Kristin Rudolph (@Kristin_Rudolph)
Two weeks before the Supreme Court announced its decision on the Defense of Marriage Act (DOMA), the Southern Baptist Convention hosted discussions on the topic of marriage at its annual meeting on June 11 – 12 in Houston, TX. Dr. Russell Moore, the new president of the SBC’s Ethics and Religious Liberty Commission (ERLC) directed conversations considering the implications of redefining marriage, and the broader challenges Evangelical Christians face in a culture that devalues marriage.
Moore said in a panel discussion that evangelicals “Have been slow train sexual revolutionaries. We adapt to whatever the last generation already accommodated to when it comes to marriage and sexuality,” which is why “homosexuality seems as normal to a 15 year old right now in our culture as divorce seems to a 45 year old in this culture.”
David Platt, a pastor and author emphasized the importance of consistency regarding all aspects of marriage, including divorce, within the church. “If we are not willing to do church discipline when necessary … then it’s going to ring very hollow,” he warned. To single out homosexuality and ignore other areas of sin amounts to “selective moral outrage.”
Moore urged pastors to get serious about wedding ceremonies in their churches, and recognize from a Christian perspective they are not intended to be a “celebration of the love of the couple … [instead] the marriage ceremony is about the people of God gathered as witnesses saying we are holding this couple accountable for the vows that are being made.”
Pastor J.D. Greear pointed out “We’re in a unique moment for the Gospel” with the differences between Christians and the culture growing increasingly stark. In response to holding to convictions concerning marriage, Greear said “We know we’re going to be spoken about as evil doers.”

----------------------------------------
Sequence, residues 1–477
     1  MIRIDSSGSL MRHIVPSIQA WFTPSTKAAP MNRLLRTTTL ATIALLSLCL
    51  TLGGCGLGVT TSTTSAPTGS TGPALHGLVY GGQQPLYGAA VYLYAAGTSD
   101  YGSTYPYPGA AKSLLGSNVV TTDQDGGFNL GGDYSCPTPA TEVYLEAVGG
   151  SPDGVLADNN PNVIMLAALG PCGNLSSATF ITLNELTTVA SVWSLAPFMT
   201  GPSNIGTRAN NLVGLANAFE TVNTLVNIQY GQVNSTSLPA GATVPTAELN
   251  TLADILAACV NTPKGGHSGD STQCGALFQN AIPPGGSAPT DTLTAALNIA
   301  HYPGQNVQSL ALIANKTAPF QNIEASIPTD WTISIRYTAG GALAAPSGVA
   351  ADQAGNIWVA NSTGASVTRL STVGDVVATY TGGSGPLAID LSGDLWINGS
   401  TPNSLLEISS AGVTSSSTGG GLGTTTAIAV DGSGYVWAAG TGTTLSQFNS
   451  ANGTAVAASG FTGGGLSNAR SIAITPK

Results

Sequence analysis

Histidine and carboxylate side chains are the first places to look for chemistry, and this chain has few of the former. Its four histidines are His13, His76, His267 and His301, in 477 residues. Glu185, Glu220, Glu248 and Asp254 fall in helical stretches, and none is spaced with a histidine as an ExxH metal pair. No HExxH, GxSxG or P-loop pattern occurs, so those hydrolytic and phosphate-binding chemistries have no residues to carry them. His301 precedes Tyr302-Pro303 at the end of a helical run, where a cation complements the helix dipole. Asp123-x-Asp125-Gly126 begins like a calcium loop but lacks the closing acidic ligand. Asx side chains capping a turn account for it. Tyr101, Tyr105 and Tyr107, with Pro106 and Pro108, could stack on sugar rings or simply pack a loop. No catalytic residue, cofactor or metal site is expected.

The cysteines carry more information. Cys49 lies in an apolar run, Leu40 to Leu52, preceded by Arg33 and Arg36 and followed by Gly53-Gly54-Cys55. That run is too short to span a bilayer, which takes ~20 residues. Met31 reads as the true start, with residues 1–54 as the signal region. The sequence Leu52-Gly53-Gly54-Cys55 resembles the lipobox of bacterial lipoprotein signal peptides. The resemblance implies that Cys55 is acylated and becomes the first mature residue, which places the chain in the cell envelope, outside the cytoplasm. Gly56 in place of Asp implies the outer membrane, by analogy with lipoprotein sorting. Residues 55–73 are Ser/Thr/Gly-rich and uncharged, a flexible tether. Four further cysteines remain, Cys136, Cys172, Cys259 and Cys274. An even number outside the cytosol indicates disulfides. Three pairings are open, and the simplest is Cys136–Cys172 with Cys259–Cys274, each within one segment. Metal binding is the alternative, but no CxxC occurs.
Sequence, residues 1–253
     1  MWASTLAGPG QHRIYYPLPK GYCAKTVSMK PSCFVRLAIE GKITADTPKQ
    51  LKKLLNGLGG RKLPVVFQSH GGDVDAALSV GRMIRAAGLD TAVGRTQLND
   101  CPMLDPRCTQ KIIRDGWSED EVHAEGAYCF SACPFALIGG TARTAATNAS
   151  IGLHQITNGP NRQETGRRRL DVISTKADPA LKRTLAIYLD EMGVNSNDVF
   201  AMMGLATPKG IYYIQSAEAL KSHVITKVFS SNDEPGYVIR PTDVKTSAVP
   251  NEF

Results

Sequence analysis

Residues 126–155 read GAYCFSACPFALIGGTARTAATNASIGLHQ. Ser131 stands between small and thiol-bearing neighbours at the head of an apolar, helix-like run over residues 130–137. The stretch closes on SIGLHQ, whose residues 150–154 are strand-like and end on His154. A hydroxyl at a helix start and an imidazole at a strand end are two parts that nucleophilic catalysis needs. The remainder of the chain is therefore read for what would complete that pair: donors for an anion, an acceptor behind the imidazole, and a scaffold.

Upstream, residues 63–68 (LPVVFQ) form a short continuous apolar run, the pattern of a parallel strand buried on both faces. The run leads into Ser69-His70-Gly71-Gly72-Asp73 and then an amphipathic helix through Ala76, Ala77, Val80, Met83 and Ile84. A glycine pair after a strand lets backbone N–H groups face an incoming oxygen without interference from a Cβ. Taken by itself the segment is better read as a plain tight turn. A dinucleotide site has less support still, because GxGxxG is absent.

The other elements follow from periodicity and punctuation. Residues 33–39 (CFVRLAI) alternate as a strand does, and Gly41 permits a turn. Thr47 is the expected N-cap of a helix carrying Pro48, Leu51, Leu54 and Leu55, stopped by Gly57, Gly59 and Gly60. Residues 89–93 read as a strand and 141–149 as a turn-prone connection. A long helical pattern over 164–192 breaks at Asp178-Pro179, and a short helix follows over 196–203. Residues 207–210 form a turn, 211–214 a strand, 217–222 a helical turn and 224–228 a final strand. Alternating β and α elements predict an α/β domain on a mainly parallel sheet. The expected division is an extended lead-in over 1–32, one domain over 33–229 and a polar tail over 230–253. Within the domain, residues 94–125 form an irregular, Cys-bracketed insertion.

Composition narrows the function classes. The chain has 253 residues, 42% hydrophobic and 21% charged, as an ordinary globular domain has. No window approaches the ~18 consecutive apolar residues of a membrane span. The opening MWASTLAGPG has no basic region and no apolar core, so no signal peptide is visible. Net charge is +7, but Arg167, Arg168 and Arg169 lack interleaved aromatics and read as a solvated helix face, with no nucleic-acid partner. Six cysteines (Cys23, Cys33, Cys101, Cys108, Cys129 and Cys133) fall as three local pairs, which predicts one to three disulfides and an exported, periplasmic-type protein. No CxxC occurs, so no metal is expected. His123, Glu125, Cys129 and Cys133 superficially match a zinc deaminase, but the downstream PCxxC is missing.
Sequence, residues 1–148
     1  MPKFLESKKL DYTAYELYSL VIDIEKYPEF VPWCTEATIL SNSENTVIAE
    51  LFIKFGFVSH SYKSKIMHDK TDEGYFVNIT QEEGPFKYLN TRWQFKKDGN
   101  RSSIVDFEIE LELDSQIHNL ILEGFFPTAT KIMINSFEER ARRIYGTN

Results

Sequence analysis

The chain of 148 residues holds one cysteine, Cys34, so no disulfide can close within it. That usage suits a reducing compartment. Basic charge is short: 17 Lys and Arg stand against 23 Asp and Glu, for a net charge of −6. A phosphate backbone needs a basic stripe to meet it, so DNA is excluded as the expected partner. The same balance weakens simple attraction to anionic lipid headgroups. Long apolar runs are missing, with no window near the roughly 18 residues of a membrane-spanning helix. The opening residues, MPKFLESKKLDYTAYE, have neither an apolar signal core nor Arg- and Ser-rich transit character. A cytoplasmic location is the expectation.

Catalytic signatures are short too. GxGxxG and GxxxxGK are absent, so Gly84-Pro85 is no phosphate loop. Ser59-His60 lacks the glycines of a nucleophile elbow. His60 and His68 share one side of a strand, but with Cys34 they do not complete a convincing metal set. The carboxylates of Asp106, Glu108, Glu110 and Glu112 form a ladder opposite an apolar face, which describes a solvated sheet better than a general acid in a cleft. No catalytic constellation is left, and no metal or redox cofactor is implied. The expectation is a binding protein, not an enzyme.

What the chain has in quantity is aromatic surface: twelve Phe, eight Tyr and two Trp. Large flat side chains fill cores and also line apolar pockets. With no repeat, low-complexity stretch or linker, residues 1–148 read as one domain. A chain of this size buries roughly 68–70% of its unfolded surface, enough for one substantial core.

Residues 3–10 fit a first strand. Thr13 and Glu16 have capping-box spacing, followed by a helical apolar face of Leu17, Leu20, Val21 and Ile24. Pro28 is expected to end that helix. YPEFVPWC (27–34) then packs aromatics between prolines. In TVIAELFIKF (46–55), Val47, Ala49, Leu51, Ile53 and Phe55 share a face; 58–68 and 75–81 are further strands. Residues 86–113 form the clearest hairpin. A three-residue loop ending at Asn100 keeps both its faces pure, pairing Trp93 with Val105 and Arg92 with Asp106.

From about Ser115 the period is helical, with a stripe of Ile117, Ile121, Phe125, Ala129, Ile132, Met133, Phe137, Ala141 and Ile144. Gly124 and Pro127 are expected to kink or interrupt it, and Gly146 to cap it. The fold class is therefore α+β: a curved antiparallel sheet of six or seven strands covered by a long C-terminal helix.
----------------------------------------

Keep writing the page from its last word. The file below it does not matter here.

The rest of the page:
In another session addressing questions from the “next generation” of SBC leaders, Moore criticized evangelical attempts to mold cultural mores to appear more Christian. In this process, he lamented “Evangelicalism was watered down.” He explained how “the last generation of evangelical Christianity wanted to remove the freakishness of Christianity in order to say ‘we’re really just good old Americans just like you are and if you add a little bit of Jesus to this you’re going to have an even better life than you have right now.’”
But this “freakishness” is the very thing that gives Christians a voice. Moore said “the influence that we have is not going to be because we are so big, it is not going to be because we have so much power, it is going to be because we are so strange.”
Further, instead of extreme sexual practices such as polygamy becoming mainstream as a result of redefining marriage, Moore predicted it is more likely that marriage will simply “become relatively meaningless in the way that it is in some more secularized societies right now.” As less people marry into lifelong, life producing unions, and cohabitate, marry multiple times, or are generally sexually permissive, Christians who live chaste lives in singleness or marriage will indeed look “freakish.”
Rather than focus narrowly on raising money for political campaigns and agendas, Moore said evangelicals should “love the people around us enough to have conversations with them. Not just have conversations about them.”
He pointed out that “we’re going to say things that are so strange that they are going to prompt further conversation. They’re going to shut down some conversation, but they’re going to prompt conversation.” Moore continued: “I honestly think the things that are going on right now in American culture, as sad as they are in the short term, in the long term, enable a very good recovery of evangelical Christianity.”
Following the Supreme Court’s rulings, the ERLC released a document outlining the changes resulting from the decision and the faithful Christian response. The brief document urges churches to love their gay and lesbian neighbors, remain calm in the face of shifting cultural morals, and strengthen their own commitment to preaching and practicing Christian marriage with integrity.